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Author Barry Linetsky

Part 12: Science, Human Action, The Search for “Truth”, and Consequences

Thinking on the Potential Dangers of Science Myopia (Photo: Joao Silas, Unsplash.com)

A Science of Two Parts Forms a Whole (12/20)

© 2018, Barry L. Linetsky. All Rights Reserved.

Ludwig von Mises drew a sharp distinction between two types of study, one being non-teleological events in the world of inanimate matter, and the other being teleological human events that rest on the “human faculty of thinking, cognizing, and acting” (The Ultimate Foundation of Economic Science, 11). He noted: “There is within the infinite expanse of what is called the universe a small field in which man’s conscious conduct can influence the course of events” (ibid.).

Mises referred to the study of non-teleological events as “natural sciences” and the study where conscious human cognition was an aspect of the subject matter as the social sciences, or “the sciences of human action.” He included his own field of study, economics, in this latter category.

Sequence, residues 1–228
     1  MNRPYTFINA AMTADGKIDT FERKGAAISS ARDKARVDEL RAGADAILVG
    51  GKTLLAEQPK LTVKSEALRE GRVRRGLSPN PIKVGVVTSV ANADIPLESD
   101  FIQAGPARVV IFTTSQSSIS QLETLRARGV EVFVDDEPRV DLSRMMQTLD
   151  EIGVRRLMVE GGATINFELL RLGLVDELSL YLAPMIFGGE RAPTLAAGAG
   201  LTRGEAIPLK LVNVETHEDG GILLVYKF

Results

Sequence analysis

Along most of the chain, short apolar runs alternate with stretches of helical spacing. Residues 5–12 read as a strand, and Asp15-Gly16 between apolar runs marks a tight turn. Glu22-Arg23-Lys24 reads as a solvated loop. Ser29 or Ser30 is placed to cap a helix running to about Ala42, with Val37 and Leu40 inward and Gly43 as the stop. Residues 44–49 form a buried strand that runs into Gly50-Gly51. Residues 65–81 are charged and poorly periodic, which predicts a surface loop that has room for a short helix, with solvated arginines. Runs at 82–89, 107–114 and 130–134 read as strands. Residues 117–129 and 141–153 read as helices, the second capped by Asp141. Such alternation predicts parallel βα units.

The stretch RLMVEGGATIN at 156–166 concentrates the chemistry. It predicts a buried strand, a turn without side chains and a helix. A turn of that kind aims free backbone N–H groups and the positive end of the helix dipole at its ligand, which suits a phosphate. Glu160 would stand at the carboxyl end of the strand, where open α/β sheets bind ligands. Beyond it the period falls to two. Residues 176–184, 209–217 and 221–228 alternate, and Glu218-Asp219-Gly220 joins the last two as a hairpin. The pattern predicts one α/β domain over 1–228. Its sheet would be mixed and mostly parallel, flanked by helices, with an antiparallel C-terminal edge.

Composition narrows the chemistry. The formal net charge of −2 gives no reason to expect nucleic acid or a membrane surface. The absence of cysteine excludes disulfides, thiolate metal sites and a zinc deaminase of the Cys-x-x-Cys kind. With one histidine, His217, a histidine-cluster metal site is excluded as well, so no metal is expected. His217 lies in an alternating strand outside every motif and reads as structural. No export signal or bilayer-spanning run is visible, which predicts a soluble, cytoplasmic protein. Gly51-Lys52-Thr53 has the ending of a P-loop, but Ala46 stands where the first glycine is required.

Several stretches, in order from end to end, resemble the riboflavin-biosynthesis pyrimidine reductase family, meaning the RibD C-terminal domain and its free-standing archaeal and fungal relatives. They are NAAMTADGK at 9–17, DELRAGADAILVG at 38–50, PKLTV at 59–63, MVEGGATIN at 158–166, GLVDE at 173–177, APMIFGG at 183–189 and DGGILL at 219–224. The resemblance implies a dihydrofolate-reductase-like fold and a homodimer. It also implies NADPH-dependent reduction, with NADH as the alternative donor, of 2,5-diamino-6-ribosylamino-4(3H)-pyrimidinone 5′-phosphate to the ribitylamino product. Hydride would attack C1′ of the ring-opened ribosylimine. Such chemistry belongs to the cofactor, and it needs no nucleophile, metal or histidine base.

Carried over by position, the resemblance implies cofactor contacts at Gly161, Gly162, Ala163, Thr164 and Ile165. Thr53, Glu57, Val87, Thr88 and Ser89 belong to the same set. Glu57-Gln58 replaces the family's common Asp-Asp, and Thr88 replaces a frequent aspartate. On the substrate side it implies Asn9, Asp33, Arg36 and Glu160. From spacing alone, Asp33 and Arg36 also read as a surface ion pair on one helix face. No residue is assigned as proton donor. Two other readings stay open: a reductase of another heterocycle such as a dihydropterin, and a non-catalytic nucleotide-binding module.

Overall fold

The nature of the two domains of natural science and human science is such that each requires a separate, distinct, and appropriate methodology of study. Read more

Author Barry Linetsky

Part 7: Science, Human Action, The Search for “Truth”, and Consequences

Thinking on the Potential Dangers of Science Myopia (Photo: Joao Silas, Unsplash.com)

In The Land of Blind Science, Volitional Consciousness Is King (7/20)

© 2018, Barry L. Linetsky. All Rights Reserved.

When it comes to human actions, notes Hayek in his aptly titled book The Counter-Revolution of Science, “things arewhat the acting people think they are” (44). For example, a hammer is not a thing in itself or an objective fact of Science, but rather a means to an end as perceived by a human being, a tool that can be created, designed, and used for a conceived purpose as defined by the user. A hammer can be a tool to join pieces of wood by means of nails, or to remove nails and break things apart.

Scientism neglects the study of human action and the meaning humans ascribe to the world they encounter. The best science can do in this realm is generate statistics and data maps. Human motives cannot be directly perceived and quantitatively measured, and to this extent are excluded from “real” Scientific study. Read more